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Summary

Areas of Science
Difficulty
 
Time Required
Average (6-10 days)
Prerequisites
None
Material Availability
Readily available
Cost
Very Low (under $20)
Safety
Do not eat any fruit to which you have added chemicals. Use caution when using sharp knives or other kitchen equipment; adult supervision is recommended.
Credits
*Note: For this science project you will need to develop your own experimental procedure. Use the information in the summary tab as a starting place. If you would like to discuss your ideas or need help troubleshooting, use the Ask An Expert forum. Our Experts won't do the work for you, but they will make suggestions and offer guidance if you come to them with specific questions.

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Abstract

Fruit is a strategy some plants use to attract animals to disperse seeds. The animals eat the fruit and disperse the seeds through the digestive system. To attract animals, fruit needs to ripen and develop an odor that acts as an attractant. How much more successful are ripe fruits at attracting animals? Try setting out an over and under ripe piece of fruit, and compare how many many insects are attracted to each fruit. How does ripening occur? You can do an experiment using a very ripe banana to see how ethylene can speed the ripening of other types of green, unripe fruit (Science Buddies, One Bad Apple Spoils the Whole Bunch: An Experiment on the Plant Hormone Ethylene ). What physiological changes accompany fruit ripening? You can do a taste test of ripe and unripe fruit to assay the sweetness of the fruit. You can also see that as a fruit ripens, it turns brown when exposed to oxygen. This is because of oxidation that occurs on the surface of the fruit. But when we buy fruit products, we don't like them to be brown and yucky. This is why some foods contain preservatives. How do preservatives work? Which types of chemicals act as preservatives? You can use slices of apple or banana to test different chemicals for preservative properties. Try ground up vitamin C tablets, vinegar, lemon juice, vitamin E oil, salt or sugar. Which chemicals will keep the fruit from turning brown? (Cobb, 1979, 69-73; Vecchione, 2001, 162-163)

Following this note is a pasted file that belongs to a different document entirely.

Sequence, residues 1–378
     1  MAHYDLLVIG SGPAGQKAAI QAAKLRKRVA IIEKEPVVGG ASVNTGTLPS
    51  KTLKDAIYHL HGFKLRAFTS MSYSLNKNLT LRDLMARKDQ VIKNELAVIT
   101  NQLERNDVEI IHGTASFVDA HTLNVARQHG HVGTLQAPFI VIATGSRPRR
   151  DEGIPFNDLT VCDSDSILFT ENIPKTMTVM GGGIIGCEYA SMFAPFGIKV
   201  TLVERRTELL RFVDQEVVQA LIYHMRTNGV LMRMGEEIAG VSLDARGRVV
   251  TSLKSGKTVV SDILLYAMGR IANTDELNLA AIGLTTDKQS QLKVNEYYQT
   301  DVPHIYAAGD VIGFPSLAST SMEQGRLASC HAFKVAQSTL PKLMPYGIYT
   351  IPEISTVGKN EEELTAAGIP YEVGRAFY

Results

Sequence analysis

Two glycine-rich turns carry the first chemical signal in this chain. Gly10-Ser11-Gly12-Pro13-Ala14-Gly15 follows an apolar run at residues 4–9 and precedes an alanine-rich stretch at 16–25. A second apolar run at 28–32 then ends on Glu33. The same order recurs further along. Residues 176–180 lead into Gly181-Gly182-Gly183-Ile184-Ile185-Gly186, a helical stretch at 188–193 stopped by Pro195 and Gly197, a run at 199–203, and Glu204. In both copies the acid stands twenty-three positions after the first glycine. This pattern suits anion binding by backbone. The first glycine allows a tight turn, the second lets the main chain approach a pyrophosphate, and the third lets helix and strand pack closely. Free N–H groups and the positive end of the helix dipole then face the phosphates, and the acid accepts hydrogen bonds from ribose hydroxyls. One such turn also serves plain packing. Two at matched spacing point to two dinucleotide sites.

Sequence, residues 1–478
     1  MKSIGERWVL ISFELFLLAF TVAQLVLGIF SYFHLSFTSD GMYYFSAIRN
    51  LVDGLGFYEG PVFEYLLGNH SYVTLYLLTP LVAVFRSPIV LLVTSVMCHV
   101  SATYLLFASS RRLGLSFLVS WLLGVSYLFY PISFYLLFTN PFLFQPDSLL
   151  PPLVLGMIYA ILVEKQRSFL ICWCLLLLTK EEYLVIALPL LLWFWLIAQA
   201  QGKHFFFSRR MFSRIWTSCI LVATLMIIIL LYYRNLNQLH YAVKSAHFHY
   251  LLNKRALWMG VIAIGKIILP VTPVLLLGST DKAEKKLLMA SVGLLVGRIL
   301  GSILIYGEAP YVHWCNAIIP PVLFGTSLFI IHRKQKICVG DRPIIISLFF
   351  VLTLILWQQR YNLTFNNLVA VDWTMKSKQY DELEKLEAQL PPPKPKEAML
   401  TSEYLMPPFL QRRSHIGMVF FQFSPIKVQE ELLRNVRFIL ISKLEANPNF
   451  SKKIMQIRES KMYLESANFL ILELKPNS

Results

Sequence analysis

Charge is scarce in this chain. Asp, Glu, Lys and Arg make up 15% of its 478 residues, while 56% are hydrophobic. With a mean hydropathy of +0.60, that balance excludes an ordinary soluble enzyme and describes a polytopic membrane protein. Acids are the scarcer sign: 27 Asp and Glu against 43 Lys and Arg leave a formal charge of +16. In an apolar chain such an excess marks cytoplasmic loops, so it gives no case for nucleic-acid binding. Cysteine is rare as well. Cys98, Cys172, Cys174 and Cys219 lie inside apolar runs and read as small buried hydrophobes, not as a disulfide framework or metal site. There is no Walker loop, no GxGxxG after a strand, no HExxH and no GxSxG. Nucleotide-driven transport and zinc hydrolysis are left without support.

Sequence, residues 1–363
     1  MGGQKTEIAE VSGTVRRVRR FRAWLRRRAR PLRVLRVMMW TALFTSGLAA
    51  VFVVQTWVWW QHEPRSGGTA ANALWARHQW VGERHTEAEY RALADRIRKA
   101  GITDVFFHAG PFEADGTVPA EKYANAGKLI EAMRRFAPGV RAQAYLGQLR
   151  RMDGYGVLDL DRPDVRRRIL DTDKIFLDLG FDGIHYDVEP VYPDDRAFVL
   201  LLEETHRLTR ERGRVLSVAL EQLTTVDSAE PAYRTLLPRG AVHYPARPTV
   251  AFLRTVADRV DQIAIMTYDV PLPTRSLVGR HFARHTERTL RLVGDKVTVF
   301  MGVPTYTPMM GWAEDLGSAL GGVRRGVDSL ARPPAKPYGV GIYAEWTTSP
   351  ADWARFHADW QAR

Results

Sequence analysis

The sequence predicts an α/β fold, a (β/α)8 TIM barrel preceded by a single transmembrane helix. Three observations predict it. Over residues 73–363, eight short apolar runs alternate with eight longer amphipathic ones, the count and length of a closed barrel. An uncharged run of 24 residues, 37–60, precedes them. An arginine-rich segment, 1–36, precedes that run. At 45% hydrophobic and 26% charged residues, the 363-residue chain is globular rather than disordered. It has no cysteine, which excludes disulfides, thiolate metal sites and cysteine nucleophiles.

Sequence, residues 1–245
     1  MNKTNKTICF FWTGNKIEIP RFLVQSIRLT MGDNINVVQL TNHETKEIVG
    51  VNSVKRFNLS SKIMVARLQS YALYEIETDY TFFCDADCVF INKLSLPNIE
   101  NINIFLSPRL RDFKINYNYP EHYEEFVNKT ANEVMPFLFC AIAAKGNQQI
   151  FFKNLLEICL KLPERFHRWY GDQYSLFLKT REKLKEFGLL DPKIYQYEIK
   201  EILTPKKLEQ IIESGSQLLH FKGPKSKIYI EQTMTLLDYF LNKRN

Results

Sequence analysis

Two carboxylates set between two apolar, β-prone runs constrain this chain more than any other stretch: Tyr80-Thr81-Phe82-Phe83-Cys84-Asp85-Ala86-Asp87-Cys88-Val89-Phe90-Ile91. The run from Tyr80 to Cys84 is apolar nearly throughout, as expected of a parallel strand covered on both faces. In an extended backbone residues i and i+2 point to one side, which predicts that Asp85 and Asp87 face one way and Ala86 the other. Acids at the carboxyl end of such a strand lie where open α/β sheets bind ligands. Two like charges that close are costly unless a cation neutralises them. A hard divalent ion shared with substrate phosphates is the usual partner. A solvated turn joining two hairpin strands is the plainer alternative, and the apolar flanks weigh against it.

Bibliography

  • Cobb, V. 1979. More Science Experiments You Can Eat. New York, NY: Harper Collins Publishers.
  • Vecchione, G. 2001. 100 Award-Winning Science Fair Projects. New York, NY: Sterling Publishing.
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Careers

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General citation information is provided here. Be sure to check the formatting, including capitalization, for the method you are using and update your citation, as needed.

MLA Style

Science Buddies Staff. "Fruit Ripening." Science Buddies, 20 Nov. 2020, https://www.sciencebuddies.org/science-fair-projects/project-ideas/PlantBio_p021/plant-biology/fruit-ripening. Accessed 9 Aug. 2022.

APA Style

Science Buddies Staff. (2020, November 20). Fruit Ripening. Retrieved from https://www.sciencebuddies.org/science-fair-projects/project-ideas/PlantBio_p021/plant-biology/fruit-ripening


Last edit date: 2020-11-20
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